4. Help from IMF:
Greece is still under the Eurozone. Any crisis that happen within the Eurozone, EC is obligated to solve it and not having authorities outside of EU to assist. IMF's financial aid package could be costlier at the same time.

Other highly indebted countries:
Spain, Ireland and Portugal are countries which are put in the spotlight as well over its ballooning debts. However, the conditions of these countries are not as severe as Greece. Spain and Ireland, though having a high fiscal deficit of 10.1% and 14.7% respectively, are stronger in their fiscal position as their debt/GDP for 2010 will just be at 66.3% and 83% respectively, therefore allowing more fiscal flexibility to boost up their economy.

On the other hand, Portugal's economy is much smaller which contributes about 1.8% to Eurozone's GDP. Its bonds maturing in 2010 are expected to amount EUR 5.9 billion while fiscal deficit and debt/GDP will be 8% and 85% respectively. In other words, its small economy is easier to be handled.

Recent bond issuances have been successful nonetheless:
13th Jan 2010: Spain 10-Year bonds worth EUR 5 billion at interest rate 0.63% above German Bunds' only
26th Jan 2010: Greek 5-Year bonds worth EUR 8 billion at interest rate of 6.2%
16th Feb 2010: Spain 15-Year bonds worth EUR 5 billion at interest rate of 4.7%
Sometime in end Feb 2010: Greek planning a 10-Year bond issuance worth EUR 3-5 billion at unknown interest rate

(The success of the planned Greek bond issuance anytime now will determine whether Greece will need any financial aid. The dilemma faced by Greece is that the bond issuance might need a high premium on interest rate to justify the risks of investors buying Greek bonds and Greece won't be able to service the debt. But Greece will need the money to refinance its maturing debts at the same time. Have to see how this will unfold)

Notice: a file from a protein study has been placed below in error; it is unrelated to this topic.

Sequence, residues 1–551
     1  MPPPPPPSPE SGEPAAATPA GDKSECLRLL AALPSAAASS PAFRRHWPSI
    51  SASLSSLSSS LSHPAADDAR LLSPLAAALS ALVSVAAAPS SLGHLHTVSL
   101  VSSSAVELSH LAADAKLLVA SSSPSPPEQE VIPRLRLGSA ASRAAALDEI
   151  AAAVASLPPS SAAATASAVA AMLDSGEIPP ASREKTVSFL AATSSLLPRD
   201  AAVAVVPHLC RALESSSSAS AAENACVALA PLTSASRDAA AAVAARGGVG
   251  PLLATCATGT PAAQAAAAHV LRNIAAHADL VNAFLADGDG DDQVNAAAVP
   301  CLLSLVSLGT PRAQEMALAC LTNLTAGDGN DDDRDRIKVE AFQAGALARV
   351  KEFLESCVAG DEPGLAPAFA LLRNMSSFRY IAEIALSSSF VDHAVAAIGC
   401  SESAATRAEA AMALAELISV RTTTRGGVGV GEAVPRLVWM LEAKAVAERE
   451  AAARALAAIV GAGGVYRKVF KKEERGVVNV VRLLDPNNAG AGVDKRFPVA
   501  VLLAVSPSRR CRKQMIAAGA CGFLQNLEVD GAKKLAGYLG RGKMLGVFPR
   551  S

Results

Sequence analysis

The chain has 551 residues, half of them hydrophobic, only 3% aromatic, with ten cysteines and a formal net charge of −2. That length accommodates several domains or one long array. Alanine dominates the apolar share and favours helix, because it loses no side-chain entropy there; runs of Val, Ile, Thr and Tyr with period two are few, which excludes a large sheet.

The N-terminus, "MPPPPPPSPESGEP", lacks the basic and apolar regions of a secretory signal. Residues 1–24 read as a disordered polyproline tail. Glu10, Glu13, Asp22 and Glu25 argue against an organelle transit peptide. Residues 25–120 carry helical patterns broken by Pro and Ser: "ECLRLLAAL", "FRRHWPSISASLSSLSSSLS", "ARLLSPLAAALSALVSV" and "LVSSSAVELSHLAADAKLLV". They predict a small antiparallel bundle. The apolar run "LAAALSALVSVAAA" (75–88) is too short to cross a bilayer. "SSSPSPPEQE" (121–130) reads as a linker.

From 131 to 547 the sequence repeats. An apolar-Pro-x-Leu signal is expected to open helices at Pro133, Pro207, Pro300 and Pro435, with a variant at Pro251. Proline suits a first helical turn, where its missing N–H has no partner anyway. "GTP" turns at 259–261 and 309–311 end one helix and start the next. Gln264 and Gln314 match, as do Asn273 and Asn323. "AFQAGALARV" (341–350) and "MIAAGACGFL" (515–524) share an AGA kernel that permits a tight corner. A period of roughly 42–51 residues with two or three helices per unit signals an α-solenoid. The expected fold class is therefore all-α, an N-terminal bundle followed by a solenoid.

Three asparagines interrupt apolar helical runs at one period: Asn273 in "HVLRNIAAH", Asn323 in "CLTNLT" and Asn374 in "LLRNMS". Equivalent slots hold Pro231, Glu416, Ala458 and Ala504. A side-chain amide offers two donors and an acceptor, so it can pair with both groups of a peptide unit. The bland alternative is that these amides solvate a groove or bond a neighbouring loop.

EU will come to the rescue if Greek economy fails. Might not even need assistance in the short term if bond issuances are proved successful. Nonetheless, Greece will need to regularize its economy by imposing austere budgets to ensure its economic sustainability. However, the country is plagued by public backlash, massive corruption and structural weakness, rendering its efforts to steer the economy out of recession toothless.

There have been talks of severe contagion effects of sovereign defaults on EU economies and the moral hazards arising from financial aid given to Greece. However, I think these two risks will be low. Firstly, EC cannot afford this crisis to blow out of control and therefore will help its troubled members. Secondly, if financial aids are given out, EC will be imposing strict controls on Greece and the country's financial autonomy has to go. If the members wish to exercise their autonomy, they will have to put their house in order. Moral hazards will happen only if members are not disciplined for creating such chaos.

Overall, valuations of EU are cheap, trading at PE of 12x and 10x for 2010 and 2011 respectively. Corporate earnings growth will be 25% and 20% for 2010 and 2011 respectively. Investors will steer their attention back to earnings which will be key driver of markets once the debt concerns subside. Investors might consider buying into European equity funds to take advantage of the current correction.

Disclaimer: The above article does not represent an investment advisory service as no subscription or management fees are charged. The contents of the article are provided as general information only and should not be taken as investment advice or as a recommendation to buy or sell any security or financial instrument. Any investment decisions carried out based on information, analysis, or commentary provided above is solely your responsibility. You should consult your investment adviser before making any investment decisions.